I have my mother’s hands, actually.

That’s how Alex Gibney’s remarkable documentary, “The Last Gladiators,” begins: a tight close-up of a pair of hands that are small, delicate, and fragile looking. The camera stays focussed on those hands as their owner, Chris “Knuckles” Nilan, describes the abuse they took over a 13-year NHL career. Throughout the opening two minutes of the film, the camera doesn’t leave his hands: we get to know his knuckles before we ever see Nilan’s face.

It’s an appropriate opening, as many hockey fans likely know far more about Nilan’s fists than they know about Nilan as a person. “The Last Gladiators” changes that, giving an unprecedented look into the life of an NHL enforcer. Toward the end of the film, while working with a public speaking coach, Nilan seems uncomfortable introducing himself as “Knuckles.” His coach suggests instead, ”I bet some of you in this audience know me as “Knuckles” Nilan. I prefer ‘Chris’.” More than anything, this is a film about Chris.

One of the most impressive accomplishments of “The Last Gladiators” is how Gibney completely removes himself from the film. There is no voiceover narration, no audible questions from off-camera during the interviews, and no editorializing. The only voices in the film are those of Nilan and his family, friends, teammates, opponents, and various media members he encountered throughout his career.

In fact, it’s one of the most pure documentaries I have seen in a long time, in that it simply documents Chris Nilan’s life without editorializing. Because of this, the emotion in the film feels genuine. Nilan’s story is compelling enough on its own that Gibney simply gets out of the way and allows Nilan and his compatriots to tell it. That seems a lot easier than it is and Gibney deserves to be commended.

Along the way, he delivers a crash course on the history of fighting in hockey and the state of enforcement in the modern game.

I’m not going down. I ain’t going down.

One of the major components to the film deals with Nilan’s struggles with alcohol and drug abuse after he retired from hockey. The making of the film happened to coincide with the death of Bob Probert, who makes a brief appearance. Shots of his funeral, which Nilan attended, are used at the point of the film when Nilan is just reaching his lowest point, underlining just what is at risk, while Michael Farber of Sports Illustrated speculates that it’s the job that leads to these difficulties after retirement. The film notes the deaths of Rick Rypien, Derek Boogaard, and Wade Belak without comment at the end.

At the same time, several of the enforcers interviewed express their love for fighting and how they have no regrets, with one enforcer wishing he could go back to being 18, so he could do it all over again. Tony Twist sums up the memories of his NHL career with, “I loved fighting…it was awesome.”

This is when the film is at its best, showing both the glories and the tragedies of the hockey enforcer. It helps that Nilan’s story has such a defined arc that takes him through those exact glories and tragedies. There is the rise from growing up in Boston with a tough and “aggressive” father (“He’s slap me and he’d punch me”) to getting drafted by the Montreal Canadiens in the 17th round and winning the Stanley Cup with the Canadiens in 1986. Then there is the fall, starting with getting traded to the New York Rangers, gradually getting beaten down by a long string of injuries, retiring from the game, and losing direction without the game of hockey to guide him.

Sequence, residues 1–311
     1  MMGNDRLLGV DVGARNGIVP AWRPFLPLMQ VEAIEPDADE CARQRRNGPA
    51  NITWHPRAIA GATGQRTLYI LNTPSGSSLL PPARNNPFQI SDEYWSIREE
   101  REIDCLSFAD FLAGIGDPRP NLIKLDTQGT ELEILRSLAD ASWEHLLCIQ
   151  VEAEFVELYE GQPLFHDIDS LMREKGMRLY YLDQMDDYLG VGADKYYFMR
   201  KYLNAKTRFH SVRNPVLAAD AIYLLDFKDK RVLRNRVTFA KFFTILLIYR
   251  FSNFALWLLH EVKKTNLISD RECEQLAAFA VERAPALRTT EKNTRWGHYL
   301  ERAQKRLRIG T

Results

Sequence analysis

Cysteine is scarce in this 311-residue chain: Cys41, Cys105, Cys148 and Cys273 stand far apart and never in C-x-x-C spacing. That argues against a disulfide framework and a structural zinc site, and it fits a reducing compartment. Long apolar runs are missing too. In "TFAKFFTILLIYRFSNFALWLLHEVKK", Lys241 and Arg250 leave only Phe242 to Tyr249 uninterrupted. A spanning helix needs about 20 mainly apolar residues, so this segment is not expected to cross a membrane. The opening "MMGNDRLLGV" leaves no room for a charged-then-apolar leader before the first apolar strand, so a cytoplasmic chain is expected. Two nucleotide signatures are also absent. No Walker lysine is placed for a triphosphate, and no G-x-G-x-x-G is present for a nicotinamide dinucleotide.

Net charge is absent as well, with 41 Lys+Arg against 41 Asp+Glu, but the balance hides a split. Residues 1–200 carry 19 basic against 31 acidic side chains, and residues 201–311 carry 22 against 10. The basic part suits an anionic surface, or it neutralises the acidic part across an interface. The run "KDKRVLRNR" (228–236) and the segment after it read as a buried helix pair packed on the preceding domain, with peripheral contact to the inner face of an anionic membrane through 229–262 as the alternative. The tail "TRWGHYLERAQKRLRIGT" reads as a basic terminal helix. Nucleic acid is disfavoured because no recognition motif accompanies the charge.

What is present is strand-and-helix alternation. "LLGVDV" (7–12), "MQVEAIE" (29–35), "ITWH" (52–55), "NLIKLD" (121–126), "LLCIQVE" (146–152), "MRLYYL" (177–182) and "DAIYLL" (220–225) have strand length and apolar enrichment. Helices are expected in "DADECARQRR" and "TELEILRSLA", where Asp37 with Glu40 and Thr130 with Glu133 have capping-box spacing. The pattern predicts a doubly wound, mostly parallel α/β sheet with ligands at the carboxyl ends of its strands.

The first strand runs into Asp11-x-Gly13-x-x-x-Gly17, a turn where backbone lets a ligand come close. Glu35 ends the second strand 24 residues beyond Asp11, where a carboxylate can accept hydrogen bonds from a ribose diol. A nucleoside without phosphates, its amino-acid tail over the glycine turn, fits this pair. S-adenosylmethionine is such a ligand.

It’s a powerful story made all the more powerful by Nilan’s emotional recounting of it. It’s tough not to be affected when Nilan tears up while talking about the Canadiens greats like Bob Gainey and Larry Robinson who helped him with his skating and puckhandling and how Jacque Lemaire gave him the chance to be more than just a fighter, leading to 16, 21, and 19-goal seasons.

To do it there. To me, It meant so much more than if I was a Mighty Duck.

The film found exactly the right story and exactly the right person to tell it. Nilan is charming, relateable, and funny, but he is also emotional and honest. What comes through most is his love for the game of hockey and particularly for the Montreal Canadiens. When he talks about how much hockey meant to him – right from when he was a kid heading in the wrong direction who needed hockey to keep him out of trouble – it’s not surprising that his life took a turn when he left the game.

When the story hits that low point, Gibney turns to Nilan’s family to drive home that it doesn’t just impact the person going through the pain; that pain extends outward and effects everyone that person is closest to. His father weeps and struggles to get words out, eventually saying that he wishes Chris had never played hockey. That’s a wish that Chris would most certainly not share.

Hockey fans need to see “The Last Gladiators,” no matter their stance on fighting in hockey. I’ve made my own stance on the subject pretty clear. The reason this film is important is that it forces you to see the man behind the fists, to see Chris instead of Knuckles.

For fans of fighting, it’s a chance to get to know one of their heroes and challenge some of their beliefs with the consequences of a career as an enforcer. For detractors of fighting, it’s a chance to see why fighting exists in hockey in the first place and why it’s still seen as important. For both, it provides a look into the lives of people who likely love hockey more than any fan ever will. These are people who love hockey so much that they will literally fight for it. At a time like this, such a passion for the game is immensely refreshing.